Christianity’s Criminal History, 102

Editors’ note: To contextualise these translations of Karlheinz Deschner’s encyclopaedic history of the Church in 10-volumes, Kriminalgeschichte des Christentums, read the abridged translation of Volume I. In the previous chapter, not translated for this site, the author describes the high level of education in the Greco-Roman world before the Christians burned entire libraries and destroyed an amazing quantity of classical art.

 
Since the time of Jesus Christianity has taught to hate everything that is not at God’s service

The Gospel was originally an apocalyptic, eschatological message, a preaching of the imminent end of the world. The faith of Jesus and his disciples was, in this respect, firm as a rock, so that any pedagogical question lacked any relevance for them. They did not show the slightest interest in education or culture. Science and philosophy, as well as art, did not bother them at all.

We had to wait no less than three centuries to have a Christian art. The ecclesiastical dispositions, even those enacted in later times, measure artists, comedians, brothel owners and other types with the same theological standard.

Soon it was the case that the ‘fisherman’s language’ (especially, it seems, that of the Latin Bibles) provoked mockery throughout all the centuries, although the Christians defend it ostensibly. This, in despite Jerome and Augustine confess on more than one occasion how much horror is caused by the strange, clumsy and often false style of the Bible. Augustine even said it sounded like stories of old women! (In the 4th century some biblical texts were poured into Virgil hexameters, without making them any less painful.) Homines sine litteris et idiotae (illiterate and ignorant men), thus the Jewish priests describe the apostles of Jesus in the Latin version of the Bible.

As the Kingdom of God did not come upon the Earth, the Church replaced it with the Kingdom of Heaven to which the believers had to orient their entire lives. This meant according the plans of the Church; for the benefit of the Church, and in the interest of the high clergy. For whenever and wherever this clergy speaks of the Church, of Christ, of God and of eternity, it does so solely and exclusively for their own benefit. Pretending to advocate for the health of the believer’s soul, they thought only of their own health. All the virtues of which Christianity made special propaganda, that is, humility, faith, hope, charity, and more, lead to that final goal.

In the New Testament it is no longer human pedagogy what matters, which is barely addressed. What is at stake is the pedagogy of divine redemption.

In the work of Irenaeus, creator of a first theological pedagogy, Clement of Alexandria, Origen, Gregory of Nazianzus and Gregory of Nyssa, the idea of a divine pedagogy is often discussed and God becomes the proper educator. Ergo all education must, in turn, be engaged in the first and last line of God and this must be his role.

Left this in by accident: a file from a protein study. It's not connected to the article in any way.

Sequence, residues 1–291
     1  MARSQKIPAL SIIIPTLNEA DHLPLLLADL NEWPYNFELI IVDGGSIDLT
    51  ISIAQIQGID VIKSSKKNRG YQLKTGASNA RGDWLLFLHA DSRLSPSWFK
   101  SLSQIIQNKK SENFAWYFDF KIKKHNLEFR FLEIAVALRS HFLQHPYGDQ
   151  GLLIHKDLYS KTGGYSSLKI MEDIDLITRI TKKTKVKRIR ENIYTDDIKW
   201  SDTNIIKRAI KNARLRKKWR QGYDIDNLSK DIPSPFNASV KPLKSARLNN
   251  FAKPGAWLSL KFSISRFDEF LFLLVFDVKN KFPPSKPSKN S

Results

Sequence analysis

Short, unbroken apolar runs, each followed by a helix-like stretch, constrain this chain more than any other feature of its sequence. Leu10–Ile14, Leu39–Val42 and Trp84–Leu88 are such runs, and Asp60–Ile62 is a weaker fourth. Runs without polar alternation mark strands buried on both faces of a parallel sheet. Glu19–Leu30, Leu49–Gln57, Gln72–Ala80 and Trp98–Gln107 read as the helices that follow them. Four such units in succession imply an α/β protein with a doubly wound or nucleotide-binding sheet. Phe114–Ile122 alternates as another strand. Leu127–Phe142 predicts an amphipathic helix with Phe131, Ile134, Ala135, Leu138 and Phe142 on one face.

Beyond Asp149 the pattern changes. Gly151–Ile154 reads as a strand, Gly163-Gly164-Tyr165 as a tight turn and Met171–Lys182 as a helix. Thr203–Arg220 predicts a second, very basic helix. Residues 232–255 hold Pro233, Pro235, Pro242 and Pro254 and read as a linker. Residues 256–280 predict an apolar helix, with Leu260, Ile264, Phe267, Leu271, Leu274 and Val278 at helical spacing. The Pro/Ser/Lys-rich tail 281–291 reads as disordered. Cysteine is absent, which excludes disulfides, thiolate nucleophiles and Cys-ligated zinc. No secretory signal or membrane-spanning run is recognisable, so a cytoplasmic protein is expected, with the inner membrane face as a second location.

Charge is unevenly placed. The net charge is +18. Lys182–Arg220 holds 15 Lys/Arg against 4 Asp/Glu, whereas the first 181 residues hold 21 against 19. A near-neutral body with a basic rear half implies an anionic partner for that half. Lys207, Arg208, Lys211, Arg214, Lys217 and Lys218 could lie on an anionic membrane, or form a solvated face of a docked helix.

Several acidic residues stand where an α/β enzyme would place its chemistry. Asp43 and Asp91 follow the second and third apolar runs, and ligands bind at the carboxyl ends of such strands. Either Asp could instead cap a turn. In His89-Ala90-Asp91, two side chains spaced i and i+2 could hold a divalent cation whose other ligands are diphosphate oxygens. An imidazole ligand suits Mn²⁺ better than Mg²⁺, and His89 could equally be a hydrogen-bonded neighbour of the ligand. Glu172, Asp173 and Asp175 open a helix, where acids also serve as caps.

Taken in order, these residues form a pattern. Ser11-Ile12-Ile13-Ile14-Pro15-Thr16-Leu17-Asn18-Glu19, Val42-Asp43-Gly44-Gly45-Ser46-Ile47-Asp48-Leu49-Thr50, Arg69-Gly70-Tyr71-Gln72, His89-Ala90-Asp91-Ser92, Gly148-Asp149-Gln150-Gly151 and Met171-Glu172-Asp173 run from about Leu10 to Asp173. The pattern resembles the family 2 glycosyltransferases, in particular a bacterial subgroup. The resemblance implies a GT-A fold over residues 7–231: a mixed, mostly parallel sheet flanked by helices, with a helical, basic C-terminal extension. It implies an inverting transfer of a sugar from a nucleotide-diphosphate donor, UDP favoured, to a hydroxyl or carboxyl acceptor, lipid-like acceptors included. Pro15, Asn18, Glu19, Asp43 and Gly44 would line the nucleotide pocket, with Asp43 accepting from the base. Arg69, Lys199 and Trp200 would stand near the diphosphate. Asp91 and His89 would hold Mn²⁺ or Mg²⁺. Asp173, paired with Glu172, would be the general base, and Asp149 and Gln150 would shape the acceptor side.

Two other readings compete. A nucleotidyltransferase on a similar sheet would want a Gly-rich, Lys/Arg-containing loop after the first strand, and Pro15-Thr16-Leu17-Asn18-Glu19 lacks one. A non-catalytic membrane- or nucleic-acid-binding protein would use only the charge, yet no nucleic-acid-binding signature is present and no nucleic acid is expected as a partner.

That is why Origen teaches that ‘we disdain everything that is chaotic, transient and apparent and we must do everything possible to access life with God’. Hence, John Chrysostom requires parents to educate ‘champions of Christ’ and that they should demand the early and persistent reading of the Bible. Hence, Jerome, who once called a little girl a recruit and a fighter for God, wrote that ‘we do not want to divide equally between Christ and the world’.

‘All education is subject to Christianization’ (Ballauf). Nor does the Doctor of the Church Basil consider ‘an authentic good he who only provides earthly enjoyment’. What was encouraged is the ‘attainment of another life’. That is ‘the only thing that, in our opinion, we should love and pursue with all our strength. All that is not oriented to that goal we must dismiss as lacking in value’.

Such educational principles that are considered chimerical, or ‘worthless’ (everything that does not relate to a supposed life after death), find their foundation even in Jesus himself: ‘If someone comes to me and does not hate his father, his mother, his wife, his children, his brothers, his sisters and even his own life, he can not be my disciple’.

How many misfortunes such words have been sowing for two thousand years…

Christianity’s Criminal History, 91

Below, an abridged translation from the second volume of
Karlheinz Deschner’s Kriminalgeschichte des Christentums.

 
There is no evidence of Peter’s stay and death in Rome

Nor was he ever the bishop of Rome. It is an absurd idea, but it is the basis of a whole doctrine that the popes and their theologians literally put on the roof. There is no definitive proof, even that he was ever in Rome.